Down East staff photographer Benjamin Williamson highlights some of his favorite shots from around the state.
Fireworks from the Katahdin
One of my favorite uses of photography is to document shared cultural experiences. Isaac Crabtree does that beautifully around his home in the north woods of Maine near Greenville. We are privileged to have a window into this wonderfully scenic area through his lenses. This drone image of the Katahdin and fireworks on the Fourth of July is well planned and executed. I know from experience that it’s difficult to get clear drone images in such low light, but when you are as skilled with them as Isaac is, you get shots like this. Who wishes they were there after seeing this? I know I do.
Boon Island Eclipse
Not everyone knew about the June 10 solar eclipse, but a lot of die-hard photographers certainly did. Count Jamie Walter in this group, a Maine photographer well known for going to extremes to get the shot. In this case, he was able to get out on the water with his father and capture this spectacular view of the eclipse above one of the most interesting sites in Maine, Boon Island, home to the state’s tallest lighthouse. I’ve certainly done my share of simply shooting from the roadside, but lately I appreciate more and more how adventure and photography go hand in hand. The best part of journeying and/or sweating to get a shot is that even if you don’t come away with a great image, you’ve had a deeper and more satisfying experience than just pulling off the road. In this case, Walter got both: an experience to remember and a breathtaking image.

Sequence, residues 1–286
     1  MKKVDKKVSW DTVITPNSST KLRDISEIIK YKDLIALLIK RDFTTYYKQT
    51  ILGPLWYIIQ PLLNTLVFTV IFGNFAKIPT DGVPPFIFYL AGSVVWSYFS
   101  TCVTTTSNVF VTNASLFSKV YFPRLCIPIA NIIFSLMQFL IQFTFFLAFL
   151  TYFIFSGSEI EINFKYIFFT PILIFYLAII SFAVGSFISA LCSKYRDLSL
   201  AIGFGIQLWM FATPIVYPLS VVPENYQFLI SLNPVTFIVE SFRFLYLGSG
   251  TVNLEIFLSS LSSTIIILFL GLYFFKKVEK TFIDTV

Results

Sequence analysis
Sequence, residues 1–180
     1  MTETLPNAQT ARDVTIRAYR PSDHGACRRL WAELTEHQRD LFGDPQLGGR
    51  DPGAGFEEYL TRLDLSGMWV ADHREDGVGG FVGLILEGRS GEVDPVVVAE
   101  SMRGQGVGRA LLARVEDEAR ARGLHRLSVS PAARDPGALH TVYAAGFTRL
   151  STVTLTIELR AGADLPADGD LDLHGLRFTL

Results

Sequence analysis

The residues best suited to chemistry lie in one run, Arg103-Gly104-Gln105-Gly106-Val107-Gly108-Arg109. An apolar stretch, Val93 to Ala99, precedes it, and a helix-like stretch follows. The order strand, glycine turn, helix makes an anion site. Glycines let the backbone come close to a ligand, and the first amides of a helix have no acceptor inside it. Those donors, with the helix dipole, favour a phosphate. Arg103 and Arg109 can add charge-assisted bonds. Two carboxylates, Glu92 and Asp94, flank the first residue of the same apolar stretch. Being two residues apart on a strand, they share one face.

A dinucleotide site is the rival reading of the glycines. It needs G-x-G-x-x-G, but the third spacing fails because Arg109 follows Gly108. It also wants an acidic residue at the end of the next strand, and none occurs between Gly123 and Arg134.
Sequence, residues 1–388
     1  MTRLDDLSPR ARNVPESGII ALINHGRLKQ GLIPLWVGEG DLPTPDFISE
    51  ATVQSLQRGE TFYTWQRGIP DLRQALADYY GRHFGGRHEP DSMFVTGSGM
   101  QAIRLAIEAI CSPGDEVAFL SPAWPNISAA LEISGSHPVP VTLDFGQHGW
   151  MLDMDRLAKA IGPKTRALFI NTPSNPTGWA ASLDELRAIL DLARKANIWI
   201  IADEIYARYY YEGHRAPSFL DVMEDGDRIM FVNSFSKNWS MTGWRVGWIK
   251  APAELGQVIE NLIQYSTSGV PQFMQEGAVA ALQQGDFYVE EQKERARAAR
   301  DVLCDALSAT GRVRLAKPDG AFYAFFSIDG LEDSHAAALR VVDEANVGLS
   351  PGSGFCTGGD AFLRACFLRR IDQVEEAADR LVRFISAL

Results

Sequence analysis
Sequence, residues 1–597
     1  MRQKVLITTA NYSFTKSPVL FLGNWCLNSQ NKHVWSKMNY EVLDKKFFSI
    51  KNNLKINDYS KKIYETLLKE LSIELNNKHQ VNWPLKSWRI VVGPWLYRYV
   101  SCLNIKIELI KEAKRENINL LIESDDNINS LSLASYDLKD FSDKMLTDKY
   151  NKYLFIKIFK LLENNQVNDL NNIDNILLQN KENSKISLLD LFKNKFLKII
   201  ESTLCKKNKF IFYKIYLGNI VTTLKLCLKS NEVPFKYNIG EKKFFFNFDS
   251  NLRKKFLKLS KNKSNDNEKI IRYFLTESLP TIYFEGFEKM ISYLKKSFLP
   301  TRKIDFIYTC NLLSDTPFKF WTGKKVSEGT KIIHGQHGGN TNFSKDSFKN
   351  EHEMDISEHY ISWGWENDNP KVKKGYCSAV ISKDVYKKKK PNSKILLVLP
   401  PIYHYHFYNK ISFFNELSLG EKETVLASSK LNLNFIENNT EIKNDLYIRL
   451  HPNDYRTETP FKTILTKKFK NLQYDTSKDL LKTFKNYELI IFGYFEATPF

My inner weather nut was pretty excited to see this image by Dave Dostie, taken as a storm was departing Augusta last Tuesday evening. These are mammatus clouds, very rare to see, especially at sunset, which causes them to glow with these incredible orange and purple hues. Dave knew that he could improve his chances of making a strong image by putting something interesting underneath those clouds, and he chose this great composition featuring the Maine State House in Augusta. I like the dome pointing toward the heavens; the rows of windows on the building on the right side of the frame create interesting shapes, while the top of the building forms a nice diagonal line that points us back into the frame. The firs on the left also work to frame the image. I imagine that the folks who work in these buildings will love this one! I sure do.
Boulder Beach at Night